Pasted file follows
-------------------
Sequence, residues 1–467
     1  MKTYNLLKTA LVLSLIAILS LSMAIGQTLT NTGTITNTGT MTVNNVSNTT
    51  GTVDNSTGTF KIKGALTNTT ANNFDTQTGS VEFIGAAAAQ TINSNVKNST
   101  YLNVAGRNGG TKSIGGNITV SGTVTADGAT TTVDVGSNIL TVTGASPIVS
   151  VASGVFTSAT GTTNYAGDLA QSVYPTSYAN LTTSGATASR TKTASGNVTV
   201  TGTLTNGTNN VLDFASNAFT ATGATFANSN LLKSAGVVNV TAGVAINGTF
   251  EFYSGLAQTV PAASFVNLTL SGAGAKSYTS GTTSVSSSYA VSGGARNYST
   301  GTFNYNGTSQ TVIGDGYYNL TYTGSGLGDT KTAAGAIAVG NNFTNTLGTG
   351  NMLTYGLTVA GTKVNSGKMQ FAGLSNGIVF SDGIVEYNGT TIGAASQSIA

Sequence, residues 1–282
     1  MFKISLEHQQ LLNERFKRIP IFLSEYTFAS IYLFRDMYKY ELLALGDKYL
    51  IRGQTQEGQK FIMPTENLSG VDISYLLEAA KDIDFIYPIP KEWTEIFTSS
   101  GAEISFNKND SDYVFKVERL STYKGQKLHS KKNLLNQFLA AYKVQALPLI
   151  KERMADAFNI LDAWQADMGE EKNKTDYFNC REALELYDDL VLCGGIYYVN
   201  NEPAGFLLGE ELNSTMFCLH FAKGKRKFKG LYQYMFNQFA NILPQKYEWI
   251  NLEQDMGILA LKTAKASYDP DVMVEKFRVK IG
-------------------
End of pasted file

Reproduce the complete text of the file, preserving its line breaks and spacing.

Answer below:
Sequence, residues 1–467
     1  MKTYNLLKTA LVLSLIAILS LSMAIGQTLT NTGTITNTGT MTVNNVSNTT
    51  GTVDNSTGTF KIKGALTNTT ANNFDTQTGS VEFIGAAAAQ TINSNVKNST
   101  YLNVAGRNGG TKSIGGNITV SGTVTADGAT TTVDVGSNIL TVTGASPIVS
   151  VASGVFTSAT GTTNYAGDLA QSVYPTSYAN LTTSGATASR TKTASGNVTV
   201  TGTLTNGTNN VLDFASNAFT ATGATFANSN LLKSAGVVNV TAGVAINGTF
   251  EFYSGLAQTV PAASFVNLTL SGAGAKSYTS GTTSVSSSYA VSGGARNYST
   301  GTFNYNGTSQ TVIGDGYYNL TYTGSGLGDT KTAAGAIAVG NNFTNTLGTG
   351  NMLTYGLTVA GTKVNSGKMQ FAGLSNGIVF SDGIVEYNGT TIGAASQSIA

Sequence, residues 1–282
     1  MFKISLEHQQ LLNERFKRIP IFLSEYTFAS IYLFRDMYKY ELLALGDKYL
    51  IRGQTQEGQK FIMPTENLSG VDISYLLEAA KDIDFIYPIP KEWTEIFTSS
   101  GAEISFNKND SDYVFKVERL STYKGQKLHS KKNLLNQFLA AYKVQALPLI
   151  KERMADAFNI LDAWQADMGE EKNKTDYFNC REALELYDDL VLCGGIYYVN
   201  NEPAGFLLGE ELNSTMFCLH FAKGKRKFKG LYQYMFNQFA NILPQKYEWI
   251  NLEQDMGILA LKTAKASYDP DVMVEKFRVK IG